The moment they realize that they’ve been treated differently they are bound to walk away. So when thinking about offering things like discounts, incentives or reward programs, it is important to make such benefits are available to all builders equally.

5. Charge additional fees
There is nothing as bad as having to pay extra charges that were not part of your estimated house quote.

Most businesses that charge extra costs without informing their builders create the impression of being dishonest.

Try to provide your builders with the most accurate estimate upfront. If you’re not 100% about future costs, be honest and let them know an estimated potential future cost. Failing to do this could cause them to think you’re being dishonest or tricking them into paying for more than they need. If the builder has already quoted their customer before you tell them about the sprinkler system you forgot to include, it may be the last house you will ever get.

Eventually builders could even walk away, because no one likes to do business with people who they think are deceiving them.

6. Don’t communicate
Effective communication determines how your builders will rate the level of service that they are provided with. Poor communication can cause them to come back to make inquiries that should have been answered during their first visit or call. Repeat visits or inquiries pertaining to an initial purchase can be detrimental to the way a builder views your customer service. This is not only time consuming for you and the builder, but it exudes a lack of professionalism and knowledge of your builder’s needs, and they will most certainly be put off by this.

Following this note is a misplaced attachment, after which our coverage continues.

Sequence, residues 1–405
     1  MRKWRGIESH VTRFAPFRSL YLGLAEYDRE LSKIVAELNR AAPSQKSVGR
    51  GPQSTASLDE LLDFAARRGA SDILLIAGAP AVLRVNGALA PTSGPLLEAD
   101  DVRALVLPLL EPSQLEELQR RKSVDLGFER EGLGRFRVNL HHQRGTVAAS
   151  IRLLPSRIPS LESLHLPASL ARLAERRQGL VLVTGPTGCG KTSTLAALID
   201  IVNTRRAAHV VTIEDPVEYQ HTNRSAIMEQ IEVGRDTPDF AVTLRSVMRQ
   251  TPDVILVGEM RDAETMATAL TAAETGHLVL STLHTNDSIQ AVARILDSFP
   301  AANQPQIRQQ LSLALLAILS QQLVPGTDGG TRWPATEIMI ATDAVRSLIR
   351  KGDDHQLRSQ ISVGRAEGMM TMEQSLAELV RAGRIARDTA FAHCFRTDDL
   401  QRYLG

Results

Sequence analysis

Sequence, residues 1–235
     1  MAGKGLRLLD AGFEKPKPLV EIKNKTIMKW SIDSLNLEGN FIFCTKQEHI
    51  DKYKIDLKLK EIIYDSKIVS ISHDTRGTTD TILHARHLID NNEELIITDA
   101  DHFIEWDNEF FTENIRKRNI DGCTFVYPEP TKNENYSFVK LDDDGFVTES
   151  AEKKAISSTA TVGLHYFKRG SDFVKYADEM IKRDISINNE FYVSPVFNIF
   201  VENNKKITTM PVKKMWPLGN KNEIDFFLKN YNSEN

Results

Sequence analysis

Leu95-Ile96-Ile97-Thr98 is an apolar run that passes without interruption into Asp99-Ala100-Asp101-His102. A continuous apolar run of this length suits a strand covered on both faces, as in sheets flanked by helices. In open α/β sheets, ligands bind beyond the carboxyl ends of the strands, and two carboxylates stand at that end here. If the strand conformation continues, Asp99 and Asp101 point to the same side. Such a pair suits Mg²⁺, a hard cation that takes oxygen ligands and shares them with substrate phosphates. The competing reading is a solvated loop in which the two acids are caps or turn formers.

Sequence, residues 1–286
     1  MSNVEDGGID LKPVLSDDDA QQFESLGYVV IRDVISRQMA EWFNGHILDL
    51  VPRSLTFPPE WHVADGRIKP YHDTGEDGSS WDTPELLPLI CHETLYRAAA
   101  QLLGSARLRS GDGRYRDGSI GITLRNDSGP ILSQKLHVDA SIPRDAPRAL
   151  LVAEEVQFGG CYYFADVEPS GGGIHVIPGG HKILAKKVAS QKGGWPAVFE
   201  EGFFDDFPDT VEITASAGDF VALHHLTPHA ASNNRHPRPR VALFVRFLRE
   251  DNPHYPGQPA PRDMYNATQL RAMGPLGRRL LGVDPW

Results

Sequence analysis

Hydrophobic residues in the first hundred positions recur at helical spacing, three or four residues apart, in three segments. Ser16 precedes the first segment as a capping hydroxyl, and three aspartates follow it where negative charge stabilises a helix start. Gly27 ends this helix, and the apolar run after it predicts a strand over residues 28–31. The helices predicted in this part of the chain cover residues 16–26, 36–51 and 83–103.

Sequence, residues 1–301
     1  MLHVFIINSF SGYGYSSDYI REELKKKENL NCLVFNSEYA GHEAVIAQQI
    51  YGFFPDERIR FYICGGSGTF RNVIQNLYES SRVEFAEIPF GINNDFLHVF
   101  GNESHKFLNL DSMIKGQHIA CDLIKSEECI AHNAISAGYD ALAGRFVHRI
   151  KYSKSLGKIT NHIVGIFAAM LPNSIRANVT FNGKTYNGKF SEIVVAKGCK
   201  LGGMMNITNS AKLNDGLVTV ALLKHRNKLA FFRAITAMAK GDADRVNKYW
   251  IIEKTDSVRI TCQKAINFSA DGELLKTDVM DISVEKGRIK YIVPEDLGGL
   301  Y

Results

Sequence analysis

7. Reprimanding a builder
Demanding builders can be very hard to deal with and they can be quite a nuisance.

In the modular housing industry, you are almost 100% guaranteed to experience a problematic client that’s angry or rude towards you. Being rude back does not do any good, especially if done in front of the builder’s customer or other builders. This could send the wrong message to new builders who could easily be misled into thinking that this is the norm of how builders are handled whenever they have grievances about their home or factory.